Peter Howson has survived war and addiction and, he admits, really ought to be dead.
That he is not, and very much still alive in his studio preparing for a major retrospective, he puts down to his faith. Howson, who has been sober for nearly a decade, doesn’t attend church but has “a good relationship with God” and prays while walking his dog, miniature schnauzer Buster.
He said: “It can be peaceful but last night I was raging because I was trying to say my prayers and there were too many cars screaming about and noise. I thought, ‘this isn’t going to work’ so sometimes I cancel it and say ‘I’ll talk to you later on’ and I find a quiet time at night to say it.”
After years of struggling with addiction and depression, Howson, 64, who will stage the biggest retrospective of his work to date in Edinburgh this summer, is now “content and at peace”.
An official war artist during the Bosnian Civil War in the 1990s, he would later describe events he witnessed as “Hell on Earth” while his experiences led to a mental collapse and years of illness, as well as the break up of his family.
Diagnosed with Asperger’s syndrome in 1999, Howson converted to Christianity in 2000. In his Glasgow studio, where he is preparing new work for the exhibition, he talked about how his faith had saved him and given him strength, adding: “It’s made me think that I do have a role to play.
“I’ve been thinking about it a lot. I went to Bosnia twice and then I went to Kosovo and that was a kind of alcoholic haze when I went there.
“I had this kind of death wish at the time. I wasn’t really concerned anyway for myself. It was like being in a kind of spiritual desert. I’d lost God, really, at that point.
“I’m kind of content now and at peace. It’s very important to me and gives me hope. I think I’m that weak, if I didn’t think there was anything there I wouldn’t be able to do the work I do.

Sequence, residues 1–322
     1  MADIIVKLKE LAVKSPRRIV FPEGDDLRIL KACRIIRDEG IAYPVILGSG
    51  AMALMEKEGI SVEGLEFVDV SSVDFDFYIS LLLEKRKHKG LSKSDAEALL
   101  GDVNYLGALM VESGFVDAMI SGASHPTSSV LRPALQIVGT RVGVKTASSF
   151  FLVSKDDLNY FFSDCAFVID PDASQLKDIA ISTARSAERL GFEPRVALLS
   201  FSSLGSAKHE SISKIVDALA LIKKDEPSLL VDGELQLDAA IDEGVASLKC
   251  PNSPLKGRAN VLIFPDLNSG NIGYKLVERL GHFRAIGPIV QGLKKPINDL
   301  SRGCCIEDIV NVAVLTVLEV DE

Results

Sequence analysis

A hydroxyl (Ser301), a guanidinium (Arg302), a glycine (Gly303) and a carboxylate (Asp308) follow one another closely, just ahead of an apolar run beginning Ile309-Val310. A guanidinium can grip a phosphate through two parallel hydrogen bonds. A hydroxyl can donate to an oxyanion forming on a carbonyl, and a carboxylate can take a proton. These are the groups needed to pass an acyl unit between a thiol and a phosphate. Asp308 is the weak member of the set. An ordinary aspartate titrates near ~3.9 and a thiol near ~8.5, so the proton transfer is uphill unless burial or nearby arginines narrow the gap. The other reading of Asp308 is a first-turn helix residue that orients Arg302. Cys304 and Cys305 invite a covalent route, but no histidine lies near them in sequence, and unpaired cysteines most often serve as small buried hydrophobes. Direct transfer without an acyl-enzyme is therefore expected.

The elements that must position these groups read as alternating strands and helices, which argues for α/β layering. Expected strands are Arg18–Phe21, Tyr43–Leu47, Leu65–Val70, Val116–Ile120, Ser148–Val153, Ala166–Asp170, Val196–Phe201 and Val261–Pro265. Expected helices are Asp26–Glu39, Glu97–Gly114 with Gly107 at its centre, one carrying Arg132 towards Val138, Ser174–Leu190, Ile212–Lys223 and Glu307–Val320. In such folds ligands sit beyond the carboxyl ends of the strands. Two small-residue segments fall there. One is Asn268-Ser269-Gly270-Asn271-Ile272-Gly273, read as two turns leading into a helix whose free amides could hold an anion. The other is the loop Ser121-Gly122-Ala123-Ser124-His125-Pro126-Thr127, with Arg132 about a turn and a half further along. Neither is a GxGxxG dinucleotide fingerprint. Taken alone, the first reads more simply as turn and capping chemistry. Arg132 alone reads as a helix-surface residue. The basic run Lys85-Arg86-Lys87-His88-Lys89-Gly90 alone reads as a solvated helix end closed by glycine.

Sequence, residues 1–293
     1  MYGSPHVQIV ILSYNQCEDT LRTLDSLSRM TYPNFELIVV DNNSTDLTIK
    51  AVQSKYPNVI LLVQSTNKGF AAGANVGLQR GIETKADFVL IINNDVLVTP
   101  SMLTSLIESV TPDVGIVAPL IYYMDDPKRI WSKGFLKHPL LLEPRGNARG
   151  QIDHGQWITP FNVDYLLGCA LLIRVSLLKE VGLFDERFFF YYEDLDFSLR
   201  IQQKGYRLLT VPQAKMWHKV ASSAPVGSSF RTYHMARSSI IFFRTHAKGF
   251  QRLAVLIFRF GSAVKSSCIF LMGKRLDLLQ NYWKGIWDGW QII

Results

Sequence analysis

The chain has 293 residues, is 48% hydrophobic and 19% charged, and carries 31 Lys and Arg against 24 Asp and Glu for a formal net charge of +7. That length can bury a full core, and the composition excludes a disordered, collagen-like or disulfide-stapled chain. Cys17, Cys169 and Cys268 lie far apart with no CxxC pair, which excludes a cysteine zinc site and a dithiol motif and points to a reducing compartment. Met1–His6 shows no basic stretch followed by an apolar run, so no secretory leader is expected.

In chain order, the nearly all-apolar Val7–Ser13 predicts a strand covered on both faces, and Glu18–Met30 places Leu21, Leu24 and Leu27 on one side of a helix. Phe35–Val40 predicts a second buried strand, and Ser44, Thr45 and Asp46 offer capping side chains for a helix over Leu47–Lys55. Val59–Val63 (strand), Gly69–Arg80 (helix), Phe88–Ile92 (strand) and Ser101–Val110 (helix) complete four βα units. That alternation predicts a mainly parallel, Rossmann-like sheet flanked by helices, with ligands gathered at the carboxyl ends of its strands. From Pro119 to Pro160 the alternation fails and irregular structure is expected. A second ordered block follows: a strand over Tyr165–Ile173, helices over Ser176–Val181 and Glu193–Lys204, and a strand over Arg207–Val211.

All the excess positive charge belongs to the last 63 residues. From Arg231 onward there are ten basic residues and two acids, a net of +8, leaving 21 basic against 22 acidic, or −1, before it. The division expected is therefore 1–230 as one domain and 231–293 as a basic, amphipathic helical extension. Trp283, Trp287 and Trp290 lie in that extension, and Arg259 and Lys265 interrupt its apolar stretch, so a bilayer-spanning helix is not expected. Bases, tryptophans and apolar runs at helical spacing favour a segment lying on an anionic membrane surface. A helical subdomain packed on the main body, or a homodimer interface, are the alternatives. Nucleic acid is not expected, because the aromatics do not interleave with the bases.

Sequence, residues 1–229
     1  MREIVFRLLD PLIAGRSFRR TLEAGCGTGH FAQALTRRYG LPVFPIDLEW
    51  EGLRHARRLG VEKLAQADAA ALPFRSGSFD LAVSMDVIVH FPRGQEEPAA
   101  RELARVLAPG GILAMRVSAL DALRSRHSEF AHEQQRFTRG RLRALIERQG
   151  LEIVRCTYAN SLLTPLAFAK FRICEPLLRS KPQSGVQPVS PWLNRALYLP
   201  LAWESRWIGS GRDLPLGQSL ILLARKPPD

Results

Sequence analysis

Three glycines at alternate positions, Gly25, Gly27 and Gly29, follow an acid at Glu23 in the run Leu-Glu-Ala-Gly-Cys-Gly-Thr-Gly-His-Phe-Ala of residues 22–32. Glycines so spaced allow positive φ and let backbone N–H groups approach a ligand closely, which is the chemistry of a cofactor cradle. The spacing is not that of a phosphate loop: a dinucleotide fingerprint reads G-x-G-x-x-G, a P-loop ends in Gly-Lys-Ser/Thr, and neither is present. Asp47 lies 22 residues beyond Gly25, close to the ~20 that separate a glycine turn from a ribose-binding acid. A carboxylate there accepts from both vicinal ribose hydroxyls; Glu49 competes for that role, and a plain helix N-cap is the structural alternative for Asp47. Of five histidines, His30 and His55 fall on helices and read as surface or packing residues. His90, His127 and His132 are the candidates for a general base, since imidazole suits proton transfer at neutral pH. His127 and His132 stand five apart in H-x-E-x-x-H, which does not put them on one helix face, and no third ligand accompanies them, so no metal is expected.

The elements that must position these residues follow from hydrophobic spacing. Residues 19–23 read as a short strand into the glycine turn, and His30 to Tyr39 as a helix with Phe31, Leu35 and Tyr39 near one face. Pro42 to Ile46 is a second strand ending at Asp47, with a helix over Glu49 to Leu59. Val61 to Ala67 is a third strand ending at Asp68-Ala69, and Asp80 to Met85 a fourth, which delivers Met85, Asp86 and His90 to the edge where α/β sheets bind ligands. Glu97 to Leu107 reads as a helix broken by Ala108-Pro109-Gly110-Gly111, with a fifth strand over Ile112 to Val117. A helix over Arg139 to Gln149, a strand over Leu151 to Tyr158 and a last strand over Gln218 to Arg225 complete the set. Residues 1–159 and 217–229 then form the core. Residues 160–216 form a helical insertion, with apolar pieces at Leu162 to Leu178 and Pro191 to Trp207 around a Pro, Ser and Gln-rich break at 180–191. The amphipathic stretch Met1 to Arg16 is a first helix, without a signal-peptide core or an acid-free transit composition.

“I get my strength from a spiritual, from God. Lorraine (Howson’s partner) always says to me, ‘you shouldn’t really be alive, you shouldn’t be here, with the abuse you’ve put yourself through and what you’ve done to yourself’. She’s seen me at my worst. I think Lorraine understands.”
Howson still can’t talk about some things he witnessed in Bosnia but reveals much through his art, which has often depicted monstrous figures and the horrors of war.
He said: “I saw a lot of stuff – not nearly as much as some of the soldiers but it was enough for me. I’m not a trained soldier. I was just there as a rather delicate individual who’s gone over to a war zone and is totally unprepared for it.
“The only thing that saved me in a way was the self medication the second trip I went. I didn’t drink at all the first trip whereas everyone else did and I wasn’t able to relax.
“The second time, I was drinking and it helped me but there’s always a price to pay because when I got back I had a problem again. I haven’t had a drink now for a long time and I’ll never go back to it. I know that in my heart. Having said that, I constantly pray and, God willing, I’ll never do it again because it’s always a disaster when I drink.”